"The proponent of a summary judgment motion must make a prima facie showing of entitlement to judgment as a matter of law, tendering sufficient evidence to demonstrate the absence of any material issues of fact, and the evidence produced by the movant must be viewed in the light most favorable to the nonmovant, affording the nonmovant every favorable inference" (Rought v Price Chopper Operating Co., Inc., 73 AD3d 1414, 1414  [internal quotation [*3]marks and citations omitted]; see Winegrad v New York Univ. Med. Ctr., 64 NY2d 851, 853 ; Zuckerman v City of New York, 49 NY2d 557, 562 ). Here, Bassett established its prima facie entitlement to summary judgment dismissing plaintiff's claim based on evidence, through the testimony of McCarthy's vice-president of operations, that the three invoices identified by plaintiff as representing the extra work performed had all been paid. Bassett also pointed to waivers signifying receipt of payment that were signed by plaintiff's president (see MCK Bldg. Assoc., Inc. v St. Lawrence Univ., 301 AD2d 726, 728 , lv dismissed 99 NY2d 651 ).
In opposition, plaintiff failed to present sufficient evidence to create a question of fact (see Zuckerman v City of New York, 49 NY2d at 562). While plaintiff's chief executive officer asserted that plaintiff was not paid for "time and materials" work alleged to be performed for Bassett outside the scope of the subcontract with McCarthy, he conceded in his deposition that all such "time and materials" work was billed in invoice Nos. 4393, 4430 and 4431, and that there were no other invoices incorporating any other "time and materials" work. The chief executive officer, plaintiff's president and plaintiff's secretary/treasurer all acknowledged that these three invoices were paid. As plaintiff failed to contradict Bassett's evidence that plaintiff was paid for the specific work placed at issue in this case and also failed to submit proof that it performed any other work for Bassett outside the scope of — and in addition to — the subject matter of its subcontract with McCarthy, Supreme Court properly granted summary judgment in Bassett's favor dismissing plaintiff's claim for breach of contract.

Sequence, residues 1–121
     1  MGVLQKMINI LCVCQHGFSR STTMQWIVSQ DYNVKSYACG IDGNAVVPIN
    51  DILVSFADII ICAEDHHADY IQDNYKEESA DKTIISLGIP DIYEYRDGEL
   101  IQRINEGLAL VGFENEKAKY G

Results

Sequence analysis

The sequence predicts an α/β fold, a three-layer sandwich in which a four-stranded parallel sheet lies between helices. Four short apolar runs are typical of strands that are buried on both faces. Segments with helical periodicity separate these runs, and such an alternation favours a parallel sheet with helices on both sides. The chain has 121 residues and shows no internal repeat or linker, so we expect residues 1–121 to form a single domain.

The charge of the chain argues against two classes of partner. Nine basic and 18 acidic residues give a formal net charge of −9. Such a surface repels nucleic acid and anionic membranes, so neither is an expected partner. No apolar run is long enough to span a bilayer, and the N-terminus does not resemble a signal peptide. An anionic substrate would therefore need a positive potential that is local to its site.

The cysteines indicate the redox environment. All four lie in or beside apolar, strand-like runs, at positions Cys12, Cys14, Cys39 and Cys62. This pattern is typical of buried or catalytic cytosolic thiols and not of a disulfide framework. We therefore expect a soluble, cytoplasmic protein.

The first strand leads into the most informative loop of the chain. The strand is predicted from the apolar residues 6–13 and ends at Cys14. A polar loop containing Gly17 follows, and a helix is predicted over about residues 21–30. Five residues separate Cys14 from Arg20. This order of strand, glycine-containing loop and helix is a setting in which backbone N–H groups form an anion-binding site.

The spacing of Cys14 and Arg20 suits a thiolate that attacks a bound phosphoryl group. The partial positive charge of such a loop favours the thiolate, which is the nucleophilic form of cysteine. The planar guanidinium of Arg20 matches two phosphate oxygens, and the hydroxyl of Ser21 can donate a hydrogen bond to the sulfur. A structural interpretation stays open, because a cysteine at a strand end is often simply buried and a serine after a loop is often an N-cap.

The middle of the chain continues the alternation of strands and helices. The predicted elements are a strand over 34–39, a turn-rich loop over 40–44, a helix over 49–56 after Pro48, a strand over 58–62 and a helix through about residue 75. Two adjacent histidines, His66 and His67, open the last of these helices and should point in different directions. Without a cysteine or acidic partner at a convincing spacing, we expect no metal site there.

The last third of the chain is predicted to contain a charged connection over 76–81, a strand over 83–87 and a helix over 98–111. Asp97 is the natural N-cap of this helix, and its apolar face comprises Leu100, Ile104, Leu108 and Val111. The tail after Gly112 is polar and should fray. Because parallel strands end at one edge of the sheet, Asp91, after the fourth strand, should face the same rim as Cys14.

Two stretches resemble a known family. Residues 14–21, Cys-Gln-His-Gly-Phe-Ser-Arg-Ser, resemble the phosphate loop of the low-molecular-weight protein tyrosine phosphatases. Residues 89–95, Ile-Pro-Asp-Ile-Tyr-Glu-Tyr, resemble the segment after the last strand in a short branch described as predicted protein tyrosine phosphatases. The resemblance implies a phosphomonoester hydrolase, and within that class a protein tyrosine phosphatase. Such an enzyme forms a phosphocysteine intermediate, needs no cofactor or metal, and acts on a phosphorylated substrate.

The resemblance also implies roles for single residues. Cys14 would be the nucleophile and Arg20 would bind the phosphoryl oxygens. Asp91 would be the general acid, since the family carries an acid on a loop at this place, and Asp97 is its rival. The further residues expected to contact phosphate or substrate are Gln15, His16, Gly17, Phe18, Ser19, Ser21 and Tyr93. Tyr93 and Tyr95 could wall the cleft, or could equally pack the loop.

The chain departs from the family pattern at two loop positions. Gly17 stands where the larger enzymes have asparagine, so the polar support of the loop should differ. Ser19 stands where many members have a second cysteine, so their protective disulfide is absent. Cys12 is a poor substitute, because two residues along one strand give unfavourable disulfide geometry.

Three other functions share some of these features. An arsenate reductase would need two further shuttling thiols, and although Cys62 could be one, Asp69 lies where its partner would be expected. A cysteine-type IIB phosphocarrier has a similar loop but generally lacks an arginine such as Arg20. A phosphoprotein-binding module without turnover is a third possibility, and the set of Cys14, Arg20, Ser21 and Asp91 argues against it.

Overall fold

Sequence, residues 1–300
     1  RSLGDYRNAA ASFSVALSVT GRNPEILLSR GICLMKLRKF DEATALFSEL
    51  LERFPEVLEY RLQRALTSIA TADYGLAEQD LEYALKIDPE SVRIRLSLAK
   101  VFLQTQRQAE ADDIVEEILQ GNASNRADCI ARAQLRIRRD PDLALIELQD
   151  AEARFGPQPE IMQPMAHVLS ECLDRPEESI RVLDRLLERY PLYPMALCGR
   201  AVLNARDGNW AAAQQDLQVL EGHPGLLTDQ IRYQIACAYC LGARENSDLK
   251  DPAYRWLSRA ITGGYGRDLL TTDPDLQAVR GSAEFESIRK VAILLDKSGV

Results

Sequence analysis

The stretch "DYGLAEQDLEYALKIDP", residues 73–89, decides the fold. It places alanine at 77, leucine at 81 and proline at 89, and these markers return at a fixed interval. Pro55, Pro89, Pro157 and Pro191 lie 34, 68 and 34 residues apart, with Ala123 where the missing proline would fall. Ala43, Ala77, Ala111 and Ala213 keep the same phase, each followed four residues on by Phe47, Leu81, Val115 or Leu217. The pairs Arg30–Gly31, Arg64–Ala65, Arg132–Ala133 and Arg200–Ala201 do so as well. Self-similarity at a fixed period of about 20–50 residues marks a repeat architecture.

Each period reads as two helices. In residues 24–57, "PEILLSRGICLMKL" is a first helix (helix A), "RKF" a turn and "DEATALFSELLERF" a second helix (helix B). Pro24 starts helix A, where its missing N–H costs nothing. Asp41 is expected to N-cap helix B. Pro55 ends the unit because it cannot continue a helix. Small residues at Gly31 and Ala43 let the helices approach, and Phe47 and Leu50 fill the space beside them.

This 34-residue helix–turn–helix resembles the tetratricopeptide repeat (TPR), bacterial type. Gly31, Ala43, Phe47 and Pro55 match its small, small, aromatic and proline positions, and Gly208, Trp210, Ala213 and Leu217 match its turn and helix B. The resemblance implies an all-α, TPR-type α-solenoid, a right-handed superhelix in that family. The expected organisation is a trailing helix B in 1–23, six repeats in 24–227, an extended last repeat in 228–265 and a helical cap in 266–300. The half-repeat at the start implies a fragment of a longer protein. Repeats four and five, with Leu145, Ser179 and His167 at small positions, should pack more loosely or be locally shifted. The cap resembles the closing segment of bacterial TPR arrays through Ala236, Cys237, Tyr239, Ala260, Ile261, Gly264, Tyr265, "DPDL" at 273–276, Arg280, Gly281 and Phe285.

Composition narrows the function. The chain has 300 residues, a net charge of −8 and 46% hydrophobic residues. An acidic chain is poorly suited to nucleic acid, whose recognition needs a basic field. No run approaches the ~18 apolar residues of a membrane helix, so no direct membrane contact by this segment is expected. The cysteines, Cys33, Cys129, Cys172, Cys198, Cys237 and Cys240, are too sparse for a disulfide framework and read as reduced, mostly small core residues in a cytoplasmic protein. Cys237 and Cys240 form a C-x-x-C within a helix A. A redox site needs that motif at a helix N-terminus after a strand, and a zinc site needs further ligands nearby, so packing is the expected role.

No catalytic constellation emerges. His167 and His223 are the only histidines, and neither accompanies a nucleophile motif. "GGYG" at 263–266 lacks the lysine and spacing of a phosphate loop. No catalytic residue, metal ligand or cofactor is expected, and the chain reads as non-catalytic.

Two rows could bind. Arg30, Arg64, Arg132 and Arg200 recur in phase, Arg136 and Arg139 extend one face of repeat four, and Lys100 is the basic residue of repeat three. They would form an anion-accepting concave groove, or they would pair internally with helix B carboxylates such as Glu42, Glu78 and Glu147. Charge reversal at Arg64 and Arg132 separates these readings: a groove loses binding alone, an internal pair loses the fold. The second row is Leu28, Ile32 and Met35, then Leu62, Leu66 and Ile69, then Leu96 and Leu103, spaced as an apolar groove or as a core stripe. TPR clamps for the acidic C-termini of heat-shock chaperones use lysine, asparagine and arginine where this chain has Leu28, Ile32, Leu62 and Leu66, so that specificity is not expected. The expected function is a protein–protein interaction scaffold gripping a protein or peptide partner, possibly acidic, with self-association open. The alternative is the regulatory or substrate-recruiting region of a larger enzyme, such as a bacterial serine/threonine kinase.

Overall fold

Likewise, given that plaintiff failed to specifically articulate any work performed outside the scope of the subcontract for which it has not been paid, its claims for unjust enrichment and quantum meruit also fail (see IMS Engrs.-Architects, P.C. v State of New York, 51 AD3d at 1358; Clifford R. Gray, Inc. v LeChase Constr. Servs., LLC, 31 AD3d 983, 988-989 ; Conklin v City of Saratoga Springs, 267 AD2d 841, 842 ; Graystone Materials v Pyramid Champlain Co., 198 AD2d at 741). Finally, based on the absence of "an agreement between parties to an account based upon prior transactions between them with respect to the correctness of the account items and balance due" (Jim-Mar Corp. v Aquatic Constr., 195 AD2d 868, 869 , lv denied 82 NY2d 660 ), and because plaintiff's claim was promptly disputed, summary judgment dismissing plaintiff's claim for account stated was proper (see Joe O'Brien Investigations v Zorn, 263 AD2d 812, 815 ; Jim-Mar Corp. v Aquatic Constr., 195 AD2d at 870).
Cardona, P.J., Spain, Kavanagh and McCarthy, JJ., concur.
ORDERED that the order is affirmed, with costs.
Footnote 1:Invoice No. 4393 actually comprised two invoices, both dated in September 2002, for the collective sum of $107,529.97. Invoice Nos. 4430 and 4431, both dated in October 2002, were for the sums of $317,230.90 and $20,776.56, respectively.
Footnote 2:Plaintiff failed to serve McCarthy with the record or its brief in this matter and did not address in its brief Supreme Court's grant of summary judgment to McCarthy. Accordingly, any challenge to Supreme Court's decision granting summary judgment dismissing the complaint as to McCarthy is deemed abandoned (see Kowalczyk v McCullough, 55 AD3d 1208, 1210 n 2 ).